And the U.S. is indeed active in sports diplomacy — even if Pence and Kim-the-sister studiously avoided making eye contact in Pyeongchang. After World War II, the United States and Japan engaged in baseball games that inspired a long tradition of baseball in Japan. Sportsmen from Iran and the U.S. met on the soccer field at the 1998 World Cup in an example of football diplomacy. And long before President Barack Obama re-established diplomatic relations with Cuba, the communist island’s national baseball team played two exhibition games against the Baltimore Orioles — one in Maryland and the other in Havana.
Today, the State Department supports initiatives and clinics in places ranging from Costa Rica to Mozambique, many with an emphasis on diversity, gender equality and youth engagement. The State Department has deployed famous athletes such as figure skater Michelle Kwan, baseball Hall of Famer Cal Ripken Jr. and basketball star Shaquille O’Neal to countries such as Russia, China, the Philippines, Nicaragua, Ukraine and Lebanon.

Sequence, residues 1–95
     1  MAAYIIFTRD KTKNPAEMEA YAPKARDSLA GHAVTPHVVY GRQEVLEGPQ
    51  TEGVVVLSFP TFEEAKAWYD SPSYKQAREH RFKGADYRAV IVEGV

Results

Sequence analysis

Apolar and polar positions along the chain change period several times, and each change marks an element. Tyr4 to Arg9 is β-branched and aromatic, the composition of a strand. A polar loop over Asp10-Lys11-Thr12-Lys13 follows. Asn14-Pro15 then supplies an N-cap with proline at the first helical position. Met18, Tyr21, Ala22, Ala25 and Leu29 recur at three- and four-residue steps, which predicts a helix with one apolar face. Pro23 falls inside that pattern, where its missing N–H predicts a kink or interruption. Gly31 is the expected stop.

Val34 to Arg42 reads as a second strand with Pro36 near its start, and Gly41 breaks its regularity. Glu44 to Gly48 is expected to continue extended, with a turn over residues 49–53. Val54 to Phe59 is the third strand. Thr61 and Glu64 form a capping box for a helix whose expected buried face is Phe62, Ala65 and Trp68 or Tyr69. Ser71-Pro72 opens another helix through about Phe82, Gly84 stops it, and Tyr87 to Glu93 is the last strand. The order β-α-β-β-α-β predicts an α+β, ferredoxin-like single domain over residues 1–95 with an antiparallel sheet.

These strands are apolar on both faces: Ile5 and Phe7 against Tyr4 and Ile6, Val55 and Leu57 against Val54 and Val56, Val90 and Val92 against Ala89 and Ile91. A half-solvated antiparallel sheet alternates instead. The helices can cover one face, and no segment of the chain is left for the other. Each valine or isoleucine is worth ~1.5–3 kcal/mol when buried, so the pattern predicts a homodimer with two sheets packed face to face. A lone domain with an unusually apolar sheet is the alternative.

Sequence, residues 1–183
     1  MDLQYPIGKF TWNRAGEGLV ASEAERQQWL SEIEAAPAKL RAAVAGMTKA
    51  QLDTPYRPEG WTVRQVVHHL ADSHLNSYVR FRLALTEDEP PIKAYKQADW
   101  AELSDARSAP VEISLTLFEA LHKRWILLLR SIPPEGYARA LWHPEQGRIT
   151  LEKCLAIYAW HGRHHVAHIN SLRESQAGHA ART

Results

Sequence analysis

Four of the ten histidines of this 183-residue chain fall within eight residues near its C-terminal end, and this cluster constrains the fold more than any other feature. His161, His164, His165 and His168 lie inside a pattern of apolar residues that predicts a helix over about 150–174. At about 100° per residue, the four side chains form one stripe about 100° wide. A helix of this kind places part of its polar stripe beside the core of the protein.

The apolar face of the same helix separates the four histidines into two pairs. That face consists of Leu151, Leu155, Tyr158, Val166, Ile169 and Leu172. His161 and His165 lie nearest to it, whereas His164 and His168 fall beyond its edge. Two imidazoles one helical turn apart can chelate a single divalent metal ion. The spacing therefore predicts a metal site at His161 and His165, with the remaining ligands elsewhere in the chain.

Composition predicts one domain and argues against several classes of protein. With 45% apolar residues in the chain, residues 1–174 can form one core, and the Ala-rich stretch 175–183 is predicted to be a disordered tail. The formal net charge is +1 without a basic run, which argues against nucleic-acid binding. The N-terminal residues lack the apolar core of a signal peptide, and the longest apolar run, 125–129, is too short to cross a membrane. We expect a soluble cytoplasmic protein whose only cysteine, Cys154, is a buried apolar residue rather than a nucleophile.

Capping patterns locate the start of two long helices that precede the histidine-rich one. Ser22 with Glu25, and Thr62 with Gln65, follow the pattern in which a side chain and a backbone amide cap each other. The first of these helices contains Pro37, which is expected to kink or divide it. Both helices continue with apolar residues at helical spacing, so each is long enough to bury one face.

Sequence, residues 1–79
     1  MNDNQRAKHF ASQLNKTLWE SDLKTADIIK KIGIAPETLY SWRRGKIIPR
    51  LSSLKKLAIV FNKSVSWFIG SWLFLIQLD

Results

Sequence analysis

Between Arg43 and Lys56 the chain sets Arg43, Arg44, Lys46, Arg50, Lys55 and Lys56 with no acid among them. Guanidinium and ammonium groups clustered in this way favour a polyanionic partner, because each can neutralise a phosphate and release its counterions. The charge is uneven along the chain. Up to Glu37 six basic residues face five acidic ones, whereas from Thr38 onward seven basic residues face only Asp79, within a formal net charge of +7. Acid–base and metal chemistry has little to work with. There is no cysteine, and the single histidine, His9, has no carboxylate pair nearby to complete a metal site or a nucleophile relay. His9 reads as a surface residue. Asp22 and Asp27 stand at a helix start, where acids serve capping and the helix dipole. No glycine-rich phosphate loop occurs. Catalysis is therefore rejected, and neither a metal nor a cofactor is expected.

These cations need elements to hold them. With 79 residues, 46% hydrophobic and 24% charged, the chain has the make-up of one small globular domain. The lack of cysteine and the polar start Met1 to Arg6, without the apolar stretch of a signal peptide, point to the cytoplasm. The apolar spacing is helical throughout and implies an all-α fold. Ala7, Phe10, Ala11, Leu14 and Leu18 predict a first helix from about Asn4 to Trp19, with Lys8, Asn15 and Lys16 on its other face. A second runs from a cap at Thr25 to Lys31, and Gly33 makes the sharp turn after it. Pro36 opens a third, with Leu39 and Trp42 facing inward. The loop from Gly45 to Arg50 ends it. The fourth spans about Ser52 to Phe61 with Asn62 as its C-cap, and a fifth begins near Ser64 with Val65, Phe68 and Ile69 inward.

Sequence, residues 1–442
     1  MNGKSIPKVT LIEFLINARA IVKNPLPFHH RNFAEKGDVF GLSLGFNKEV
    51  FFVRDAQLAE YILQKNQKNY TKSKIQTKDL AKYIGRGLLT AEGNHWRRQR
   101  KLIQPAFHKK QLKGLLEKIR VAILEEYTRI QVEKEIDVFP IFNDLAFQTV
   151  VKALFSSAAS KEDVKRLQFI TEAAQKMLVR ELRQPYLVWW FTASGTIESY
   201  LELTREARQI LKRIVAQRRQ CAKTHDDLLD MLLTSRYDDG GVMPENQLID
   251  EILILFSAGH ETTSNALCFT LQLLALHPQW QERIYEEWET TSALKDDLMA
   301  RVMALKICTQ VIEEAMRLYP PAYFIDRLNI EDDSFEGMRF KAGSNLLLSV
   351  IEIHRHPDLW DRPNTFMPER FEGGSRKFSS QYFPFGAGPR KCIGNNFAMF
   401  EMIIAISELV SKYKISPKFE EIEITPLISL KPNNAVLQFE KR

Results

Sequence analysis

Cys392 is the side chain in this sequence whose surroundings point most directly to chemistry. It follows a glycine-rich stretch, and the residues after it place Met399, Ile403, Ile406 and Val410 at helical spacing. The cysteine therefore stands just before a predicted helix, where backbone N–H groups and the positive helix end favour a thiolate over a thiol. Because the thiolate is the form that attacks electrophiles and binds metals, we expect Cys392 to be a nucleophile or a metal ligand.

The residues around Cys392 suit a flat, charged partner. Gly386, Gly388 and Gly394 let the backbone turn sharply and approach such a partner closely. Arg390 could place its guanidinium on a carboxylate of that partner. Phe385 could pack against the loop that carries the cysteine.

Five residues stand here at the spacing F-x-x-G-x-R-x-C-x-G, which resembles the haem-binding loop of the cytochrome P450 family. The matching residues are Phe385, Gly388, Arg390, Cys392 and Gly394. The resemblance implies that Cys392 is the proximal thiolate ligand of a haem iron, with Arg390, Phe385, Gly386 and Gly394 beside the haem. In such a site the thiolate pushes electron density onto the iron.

While such efforts may benefit children in underserved communities, their overall impact is difficult to gauge. As for larger sporting events such as the Olympics, the symbolism of bringing archenemies together makes headlines, but none has fundamentally changed relations between the two countries involved, other than the time spent on the field, the slopes, the ice, the mats or the pitch.
Where to Study Sports Diplomacy
Several universities around the world offer majors, minors, courses or master’s degrees in sports diplomacy.
On the doorstep of Washington, D.C., George Mason University in Virginia offers an undergraduate minor in Sport and Conflict Resolution, which helps prepare students to work for organizations dedicated to using sports for development, community building and peace. Undergraduates who choose the minor take courses in sports management and conflict resolution.